Does this sound familiar? When you first met your financial advisor, they told you they were going to personally take care of your investments. That they would monitor your portfolio.
They made promises. They promised you they would research each stock, bond or mutual fund they recommend for your portfolio. They also told you that they would make sure that if any stock, bond or mutual fund was not performing up to their expectations, they would notify you to discuss making the necessary changes.
They would call you to make recommendations. They would discuss with you over the phone to get your agreement to make the change or meet with you in person to go over their recommendations. They promised that they would do this for each of your accounts and every time they identified that a change was necessary.
That sounded great. Finally, an advisor who was going to take care of me, you thought to yourself. This advisor will watch the markets, research individual stocks, bonds or mutual funds and will call me to make recommendations when necessary.
Then reality sets in. Your advisor only seems to call you when they have an investment recommendation they want you to consider. They never seem to call you to recommend you sell an investment that is doing poorly unless you bring it to their attention.
Then the market corrects. You wait for THE phone call. Why has your advisor not called within the first few days of a correction? You may not hear from your advisor at all unless you call them first. Perhaps you get a broadcast email or letter from them explaining what happened in the markets and maybe a recommendation concerning what you should do with your portfolio and to call them for an appointment.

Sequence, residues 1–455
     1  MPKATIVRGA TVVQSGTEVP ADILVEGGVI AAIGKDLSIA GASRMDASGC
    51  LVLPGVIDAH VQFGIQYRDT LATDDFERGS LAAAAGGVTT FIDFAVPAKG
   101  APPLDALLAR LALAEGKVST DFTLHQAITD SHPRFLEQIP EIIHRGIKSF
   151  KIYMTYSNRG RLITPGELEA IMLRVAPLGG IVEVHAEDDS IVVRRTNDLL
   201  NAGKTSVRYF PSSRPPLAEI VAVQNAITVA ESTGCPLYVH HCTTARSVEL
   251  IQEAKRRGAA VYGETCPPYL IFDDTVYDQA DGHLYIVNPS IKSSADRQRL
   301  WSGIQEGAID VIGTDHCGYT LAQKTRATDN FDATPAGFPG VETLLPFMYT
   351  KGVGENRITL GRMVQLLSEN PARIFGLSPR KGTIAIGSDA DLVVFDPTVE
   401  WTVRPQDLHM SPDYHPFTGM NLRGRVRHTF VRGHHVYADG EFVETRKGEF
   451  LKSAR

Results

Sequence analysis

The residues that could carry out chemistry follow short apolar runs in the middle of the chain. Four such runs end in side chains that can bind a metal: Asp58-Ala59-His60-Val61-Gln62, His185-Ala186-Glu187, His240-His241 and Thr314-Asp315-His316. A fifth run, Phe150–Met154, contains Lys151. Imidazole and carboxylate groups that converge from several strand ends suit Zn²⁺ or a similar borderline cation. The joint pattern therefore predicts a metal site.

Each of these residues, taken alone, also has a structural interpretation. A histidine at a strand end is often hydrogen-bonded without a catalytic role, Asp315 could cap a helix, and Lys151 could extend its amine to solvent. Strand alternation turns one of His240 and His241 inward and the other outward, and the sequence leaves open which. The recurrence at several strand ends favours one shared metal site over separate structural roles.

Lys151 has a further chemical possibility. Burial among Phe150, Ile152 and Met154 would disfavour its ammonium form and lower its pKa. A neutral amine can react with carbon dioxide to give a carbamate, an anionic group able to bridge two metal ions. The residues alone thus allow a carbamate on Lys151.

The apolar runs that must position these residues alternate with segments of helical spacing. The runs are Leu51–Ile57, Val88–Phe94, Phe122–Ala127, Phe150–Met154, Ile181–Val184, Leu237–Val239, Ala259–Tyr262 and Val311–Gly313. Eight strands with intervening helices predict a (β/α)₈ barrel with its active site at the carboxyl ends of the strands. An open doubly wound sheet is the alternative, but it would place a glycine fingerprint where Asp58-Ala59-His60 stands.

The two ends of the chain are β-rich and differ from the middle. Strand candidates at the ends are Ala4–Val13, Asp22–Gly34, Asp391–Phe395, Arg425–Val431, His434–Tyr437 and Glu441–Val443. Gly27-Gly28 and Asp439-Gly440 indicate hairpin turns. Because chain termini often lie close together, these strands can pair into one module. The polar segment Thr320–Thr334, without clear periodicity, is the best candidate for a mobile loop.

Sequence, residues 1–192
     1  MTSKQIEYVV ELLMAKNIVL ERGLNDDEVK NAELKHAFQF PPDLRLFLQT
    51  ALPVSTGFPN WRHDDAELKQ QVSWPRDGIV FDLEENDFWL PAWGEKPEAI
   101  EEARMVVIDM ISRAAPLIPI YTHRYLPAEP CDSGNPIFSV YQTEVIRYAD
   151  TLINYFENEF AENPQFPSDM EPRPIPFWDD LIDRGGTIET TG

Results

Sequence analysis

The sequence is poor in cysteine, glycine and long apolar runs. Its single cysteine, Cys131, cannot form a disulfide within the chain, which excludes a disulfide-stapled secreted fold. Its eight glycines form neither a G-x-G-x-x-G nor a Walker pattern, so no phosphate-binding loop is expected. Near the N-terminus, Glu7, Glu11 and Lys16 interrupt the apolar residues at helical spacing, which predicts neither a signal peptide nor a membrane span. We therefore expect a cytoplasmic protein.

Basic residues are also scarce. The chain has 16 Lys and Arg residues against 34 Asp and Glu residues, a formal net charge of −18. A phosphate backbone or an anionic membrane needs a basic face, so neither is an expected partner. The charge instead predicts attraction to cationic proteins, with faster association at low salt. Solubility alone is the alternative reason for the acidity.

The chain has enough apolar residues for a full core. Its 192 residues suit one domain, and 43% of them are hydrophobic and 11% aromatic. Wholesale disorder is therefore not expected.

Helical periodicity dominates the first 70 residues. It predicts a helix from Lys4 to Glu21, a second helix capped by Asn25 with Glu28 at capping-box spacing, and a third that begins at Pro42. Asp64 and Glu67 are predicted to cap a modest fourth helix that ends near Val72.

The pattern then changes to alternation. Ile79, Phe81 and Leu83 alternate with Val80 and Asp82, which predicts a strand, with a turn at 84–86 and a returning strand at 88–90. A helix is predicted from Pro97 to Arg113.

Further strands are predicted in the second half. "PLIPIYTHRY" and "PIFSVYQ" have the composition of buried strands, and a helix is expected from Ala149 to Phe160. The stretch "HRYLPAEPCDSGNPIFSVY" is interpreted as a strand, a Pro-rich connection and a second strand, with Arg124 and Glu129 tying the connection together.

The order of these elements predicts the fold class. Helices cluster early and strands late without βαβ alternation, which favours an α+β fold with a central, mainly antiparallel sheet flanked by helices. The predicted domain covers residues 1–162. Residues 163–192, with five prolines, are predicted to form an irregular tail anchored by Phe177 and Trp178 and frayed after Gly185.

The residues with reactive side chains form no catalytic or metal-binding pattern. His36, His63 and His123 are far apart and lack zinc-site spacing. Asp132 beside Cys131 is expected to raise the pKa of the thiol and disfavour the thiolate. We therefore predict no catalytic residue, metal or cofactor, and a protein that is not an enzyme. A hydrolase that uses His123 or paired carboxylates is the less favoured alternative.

You may begin to wonder. Why is your advisor not living up to their promises? They put on a great presentation when you first met and made many promises that they have failed to keep.
Why is that? Have you ever considered that your advisor may be overwhelmed, that they really do not have time to follow through with their promises?
Consider this. The average successful financial advisor may have, on average, 500 to well over 1,000 or more clients. When you consider that your advisor will need to have a phone discussion or an in-office meeting with every client to review their portfolio the task becomes real big. Each phone conversation may take a minimum of 20-25 minutes and each office appointment will take up to an hour. How many phone appointments or in-office appointments can they really have in a day? Then add in the time they need to process the paperwork after each meeting. It can take them weeks or even months to contact, meet and make changes to all their client’s portfolios.
There’s more. Your advisor is running a business. They must manage their staff, do investment research and grow their business by finding new clients. When you add up all the non-client time involved in running their business, how much time does your advisor realistically have to look after you?
During a market correction, who do you think your advisor will call first? Clients that have $10,000,000 or more or clients that have less than $100,000 with them. Obviously, they are going to call their top clients first.
There is a better way. Some advisors will not break their promises to you. They are known as discretionary portfolio managers who, through their registration and licencing are fiduciaries by law and must follow the fair-dealing-law. Under this law, they are required to treat all their clients equally. This means that when they need to make an investment change to their clients’ portfolios, every client with similar portfolios must have the same changes made to their portfolios at the exact time and for the exact same price as everyone else.
I cover this extensively in my book Who’s Investing Your Money? – 7 Key Questions to Ask Your Financial Advisor. This book examines the various types of advisor registrations, their limits and abilities and will help you find the right advisor for you.
To learn more about how a Discretionary Portfolio Manager can better help you, please call me at (604) 855-6846 or email me at firstname.lastname@example.org
Who’s investing your Money is available as a free PDF download at www.whosinvestingyourmoney.com